What info can you find with a license plate search?
The results of our license plate search can provide information that can be difficult to find in one place. Our license plate data is sourced from federal and state-level government agencies, alongside leading third-party automotive industry sources like J.D. Power. Because state agencies and industry groups maintain databases of significant events in a car's lifespan (such as accidents or theft), connecting an individual vehicle to those databases via its unique license plate may uncover vehicle-specific information, including:
- Accident history
- Salvage and other branded titles
- Manufacturer recalls
- Market value and estimated ownership costs
- Equipment and trim specifications
- Sale history
Publicly accessible license plate lookups like Bumper could reveal a wealth of information to help you decide if buying or selling a vehicle is the right move.
What is a license plate lookup?
A license plate lookup is a search performed by entering a vehicle's license plate number into a search tool. It can then return information specific to that vehicle. If you see a car that interests you, a license plate search may be preferable to a VIN lookup simply because it's easier to locate and see.
A license plate search can also return more specific information than a simple make and model search. License plates are unique to individual vehicles whereas there are many examples of a given make and model.
How can a license plate search help you?
A license plate lookup can put valuable information in your hands to help you make a decision about buying or selling a vehicle. Depending on what the search reveals, it could help ensure you receive maximum value as both a buyer and seller.
Say for instance that you see a car for sale. A license plate search may provide a market value for the vehicle, so you can contact the owner with a reasonable price offer. Alternatively, the search may reveal that the car's title has a flood damage brand—a sign that pursuing it may not be worth your time.
As a seller, a search can provide peace of mind for your buyer. A full vehicle history report can assure them that there's been no damage to back up maintenance records, as well as reinforce that your asking price is reasonable. Estimated ownership costs also provide a fuller picture of the true cost of the vehicle, heading off any potential angry phone calls should the buyer need to replace an expensive part in the future.
What is a license plate?
In addition to VIN lookups and make/model searches, a license plate lookup is another popular way to learn more about a vehicle. Because license plates are publicly displayed, they're often easier to spot than VINs. Read on to learn more about how a license plate search can work for you.
License plates, also referred to as tags and vehicle registration plates, serve as indicators to government officials and law enforcement that a vehicle is registered in the state listed on the plate. Because the plate is linked to an individual car, a license plate lookup may reveal a lot about the vehicle.
Who issues license plates?
In the United States, license plates are issued by the state or territory department of motor vehicles (DMV). The only federally issued plates belong to cars owned by the federal government and visiting foreign diplomats.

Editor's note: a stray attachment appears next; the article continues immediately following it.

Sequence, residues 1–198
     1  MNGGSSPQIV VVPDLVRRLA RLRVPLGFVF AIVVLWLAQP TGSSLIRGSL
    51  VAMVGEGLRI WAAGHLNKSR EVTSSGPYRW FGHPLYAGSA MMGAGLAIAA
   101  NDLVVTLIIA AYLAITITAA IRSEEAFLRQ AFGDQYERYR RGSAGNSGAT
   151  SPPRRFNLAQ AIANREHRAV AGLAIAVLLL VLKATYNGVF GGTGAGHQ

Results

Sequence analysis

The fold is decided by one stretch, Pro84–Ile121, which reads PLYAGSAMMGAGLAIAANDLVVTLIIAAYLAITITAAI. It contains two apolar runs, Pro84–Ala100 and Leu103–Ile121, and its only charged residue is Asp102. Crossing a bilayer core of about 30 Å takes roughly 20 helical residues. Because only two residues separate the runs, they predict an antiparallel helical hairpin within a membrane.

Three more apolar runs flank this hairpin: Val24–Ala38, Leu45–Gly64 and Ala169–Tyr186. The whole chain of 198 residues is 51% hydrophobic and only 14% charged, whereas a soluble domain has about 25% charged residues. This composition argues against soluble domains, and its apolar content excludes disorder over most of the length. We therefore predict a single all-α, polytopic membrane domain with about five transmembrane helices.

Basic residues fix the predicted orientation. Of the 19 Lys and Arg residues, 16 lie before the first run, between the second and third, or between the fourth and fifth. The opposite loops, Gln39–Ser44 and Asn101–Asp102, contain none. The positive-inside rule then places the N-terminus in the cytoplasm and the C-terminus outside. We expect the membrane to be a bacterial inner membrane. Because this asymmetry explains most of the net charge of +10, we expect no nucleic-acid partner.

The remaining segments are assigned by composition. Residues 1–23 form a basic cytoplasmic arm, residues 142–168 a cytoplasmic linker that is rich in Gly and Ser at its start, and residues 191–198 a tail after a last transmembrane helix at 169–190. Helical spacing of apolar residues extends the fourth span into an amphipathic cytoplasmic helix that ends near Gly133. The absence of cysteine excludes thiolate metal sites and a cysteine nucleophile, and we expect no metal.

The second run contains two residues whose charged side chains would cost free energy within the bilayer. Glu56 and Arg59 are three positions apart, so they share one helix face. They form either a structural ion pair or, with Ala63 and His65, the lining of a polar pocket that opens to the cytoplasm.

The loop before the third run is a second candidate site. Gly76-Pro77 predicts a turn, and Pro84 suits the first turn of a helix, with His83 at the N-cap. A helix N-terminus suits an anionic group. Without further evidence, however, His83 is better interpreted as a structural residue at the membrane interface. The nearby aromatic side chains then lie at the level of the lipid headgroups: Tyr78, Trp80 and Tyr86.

How do license plate formats work?
License plate formats can vary greatly from state to state. Above all, the goal is to use a format with enough alphanumeric character combinations to ensure that every vehicle in the state can have a unique number.
Less populous states may be able to accommodate motorists with simple numeric formats up to six digits. Most license plates, however, tend to use six- or seven-character combinations of letters and numbers. For smaller states, a seven-character format provides the flexibility to incorporate codes for things such as counties and expiration dates.
Even printing methods vary; most states currently emboss or press the registration number into the plate, but digital printing (or "flat plate" technology) is increasingly popular. About the only thing that North American (including Canadian) license plates have in common is size: In 1956, the US and Canada agreed that all license plates would measure roughly 6x12".
Do you need front and rear license plates?
Most states and territories require passenger vehicles to display both front and rear plates. There are some that only require rear plates, however, mostly throughout the South and Rust Belt.
States that require front and rear license plates:
Alaska, California, Colorado, Connecticut, Washington D.C., Hawaii, Idaho, Illinois, Iowa, Maine, Maryland, Minnesota, Missouri, New Hampshire, New Jersey, New York, North Dakota, Oregon, Rhode Island, Texas, Utah, Vermont, Virginia, Washington, Wisconsin.
States that only require rear license plates:
Alabama, Arizona, Arkansas, Delaware, Florida, Georgia, Indiana, Kansas, Kentucky, Louisiana, Michigan, Mississippi, New Mexico, North Carolina, Ohio, Oklahoma, Pennsylvania, South Carolina, Tennessee, West Virginia.
States that require both plates, with exceptions:
What are vanity plates?
Vanity plates are license plates printed with a custom serial, usually for an extra cost. They are available in all 50 states and the District of Columbia, though as with most license plate formats the requirements vary. While Maine will not censor any vanity plates provided the serial doesn't promote hate or violence, most states have rules banning their definition of profanity. Virginia issues the highest concentration of vanity plates by any state, accounting for 10% of all US vanity plate registrations.